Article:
– user138231
    Sep 4, 2012 at 13:25
  • 1
    @Chichiray: Nice, but don't stop there. Sep 4, 2012 at 13:39
  • 3
    1590 rows returned
    – sth
    Sep 4, 2012 at 14:37
  • 2
    Heh, I noticed this in chat almost a year back before they put in that restriction: i.stack.imgur.com/2IrnA.png
    – Yi Jiang
    Sep 5, 2012 at 23:48

2 Answers 2


I tried asking a question using "What's wrong with this SQL query?" as title, and I got the following error messages.


What should be added to the low quality filter is all the variants to the title, or the set of words common to all the variants. Considering those questions are a minimal part of all the questions, I am not sure there is anything that should be done.

  • Personally I would like something more general - if people are writing many variants of the same title, that's what I would like to be caught.
    – Oded
    Sep 4, 2012 at 13:50
  • 3
    Something more general would compare the Levenshtein distance of the titles.
    – apaderno
    Sep 4, 2012 at 15:02
  • Arg I didn't notice, they all vary by incredibly minor differences in punctuation, capitalization or wording. I wonder if that's how they got through
    – Ben Brocka
    Sep 4, 2012 at 18:25
  • 4
    @BenBrocka - Exactly right. That's why I am looking for something more general than word search. And yes - as kiamlaluno says, the Levenshtein distance of the title is where I was going with...
    – Oded
    Sep 4, 2012 at 19:06

Although duplicate titles are strictly verboten, this is apparently case sensitive as this query returns results (some were posted after Mark Gravell's answer).

select top 15 lower(title), count(*)
  from posts
 where posttypeid = 1
 group by lower(title)
 order by count(*) desc
---------------------------------------------------- --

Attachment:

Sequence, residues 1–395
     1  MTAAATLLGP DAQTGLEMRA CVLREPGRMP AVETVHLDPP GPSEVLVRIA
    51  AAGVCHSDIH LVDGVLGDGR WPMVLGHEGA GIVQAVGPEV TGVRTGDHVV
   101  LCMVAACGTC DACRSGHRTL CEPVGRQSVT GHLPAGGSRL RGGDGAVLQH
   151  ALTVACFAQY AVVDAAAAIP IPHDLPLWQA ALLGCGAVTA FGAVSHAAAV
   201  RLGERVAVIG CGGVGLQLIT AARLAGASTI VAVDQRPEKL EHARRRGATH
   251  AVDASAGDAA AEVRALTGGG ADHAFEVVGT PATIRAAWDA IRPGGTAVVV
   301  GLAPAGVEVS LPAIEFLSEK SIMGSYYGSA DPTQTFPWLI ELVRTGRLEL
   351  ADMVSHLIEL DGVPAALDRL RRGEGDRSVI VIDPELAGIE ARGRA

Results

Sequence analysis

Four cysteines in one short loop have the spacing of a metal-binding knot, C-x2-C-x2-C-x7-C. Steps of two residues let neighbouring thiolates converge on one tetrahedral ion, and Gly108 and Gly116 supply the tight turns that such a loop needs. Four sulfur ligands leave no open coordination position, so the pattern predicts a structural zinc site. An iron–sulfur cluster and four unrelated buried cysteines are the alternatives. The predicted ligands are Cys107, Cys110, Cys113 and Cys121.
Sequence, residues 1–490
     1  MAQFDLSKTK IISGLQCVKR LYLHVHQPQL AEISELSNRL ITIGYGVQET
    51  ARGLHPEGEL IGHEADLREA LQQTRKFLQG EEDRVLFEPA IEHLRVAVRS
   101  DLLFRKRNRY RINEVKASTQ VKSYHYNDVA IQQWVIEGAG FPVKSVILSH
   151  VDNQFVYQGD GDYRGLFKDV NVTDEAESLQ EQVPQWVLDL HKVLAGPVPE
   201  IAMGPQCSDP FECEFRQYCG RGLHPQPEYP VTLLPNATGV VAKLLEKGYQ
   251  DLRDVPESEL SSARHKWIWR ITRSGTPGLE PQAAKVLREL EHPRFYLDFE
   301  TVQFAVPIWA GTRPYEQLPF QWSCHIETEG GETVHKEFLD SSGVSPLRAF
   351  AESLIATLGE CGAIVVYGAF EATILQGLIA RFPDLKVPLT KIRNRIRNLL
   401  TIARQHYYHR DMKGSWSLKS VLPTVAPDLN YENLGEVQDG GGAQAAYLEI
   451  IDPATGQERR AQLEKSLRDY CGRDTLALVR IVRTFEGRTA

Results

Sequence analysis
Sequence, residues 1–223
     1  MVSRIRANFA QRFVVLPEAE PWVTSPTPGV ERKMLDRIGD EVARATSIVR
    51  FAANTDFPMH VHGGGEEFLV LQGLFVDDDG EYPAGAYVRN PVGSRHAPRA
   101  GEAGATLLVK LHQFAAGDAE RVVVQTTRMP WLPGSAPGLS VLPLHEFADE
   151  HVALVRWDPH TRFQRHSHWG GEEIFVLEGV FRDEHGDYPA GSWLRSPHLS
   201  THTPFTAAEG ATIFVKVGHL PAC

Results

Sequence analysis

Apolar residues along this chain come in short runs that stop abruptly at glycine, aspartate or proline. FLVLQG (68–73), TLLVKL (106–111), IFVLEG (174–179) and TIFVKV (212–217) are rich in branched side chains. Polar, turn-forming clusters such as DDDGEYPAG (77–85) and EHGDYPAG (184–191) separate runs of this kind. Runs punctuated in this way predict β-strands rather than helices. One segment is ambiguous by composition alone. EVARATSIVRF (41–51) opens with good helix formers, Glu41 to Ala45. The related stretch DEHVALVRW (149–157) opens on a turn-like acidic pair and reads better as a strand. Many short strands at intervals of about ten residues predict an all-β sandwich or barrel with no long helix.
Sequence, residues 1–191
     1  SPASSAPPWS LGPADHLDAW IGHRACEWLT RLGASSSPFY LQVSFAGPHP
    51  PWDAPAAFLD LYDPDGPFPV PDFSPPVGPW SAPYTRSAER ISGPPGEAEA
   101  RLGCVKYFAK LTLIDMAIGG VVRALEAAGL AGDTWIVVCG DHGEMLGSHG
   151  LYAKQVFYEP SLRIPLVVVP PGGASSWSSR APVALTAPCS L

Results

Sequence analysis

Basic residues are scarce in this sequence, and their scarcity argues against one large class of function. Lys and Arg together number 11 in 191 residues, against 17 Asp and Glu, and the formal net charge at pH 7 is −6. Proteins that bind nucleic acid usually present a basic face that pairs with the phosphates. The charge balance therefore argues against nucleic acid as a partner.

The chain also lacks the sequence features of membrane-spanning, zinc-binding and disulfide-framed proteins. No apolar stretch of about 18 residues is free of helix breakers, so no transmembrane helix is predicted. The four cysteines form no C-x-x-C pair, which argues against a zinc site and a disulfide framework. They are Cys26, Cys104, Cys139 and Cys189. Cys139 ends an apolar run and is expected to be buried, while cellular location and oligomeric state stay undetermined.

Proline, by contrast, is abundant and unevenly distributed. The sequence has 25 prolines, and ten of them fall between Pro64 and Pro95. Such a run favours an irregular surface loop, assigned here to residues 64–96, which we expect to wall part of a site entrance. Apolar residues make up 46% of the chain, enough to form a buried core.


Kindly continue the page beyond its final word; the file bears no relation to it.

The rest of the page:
object reference not set to an instance of an object 44 
help with sql query                                  35 
regular expression                                   33 
mysql query help                                     31 
mysql syntax error                                   28 
mysql query problem                                  27 
mysql query optimization                             24 
jquery selector                                      24 
regular expression help                              23 
sql query problem                                    23 
database design question                             20 
jquery selector question                             19 
jquery autocomplete                                  17 
what does this code do?                              17 
jquery validation                                    17 

There are some unimaginative MySQL and jQuery users around...

Judging by these results and your own a quick win might be to lower-case everything and strip out all punctuation when doing this check. It would be harder on the indexes though.

  • 1
    I like it. I did figure that the Levenshtein distance option may be a bit too difficult in practice, but this strikes a good middleground.
    – Oded
    Sep 6, 2012 at 8:29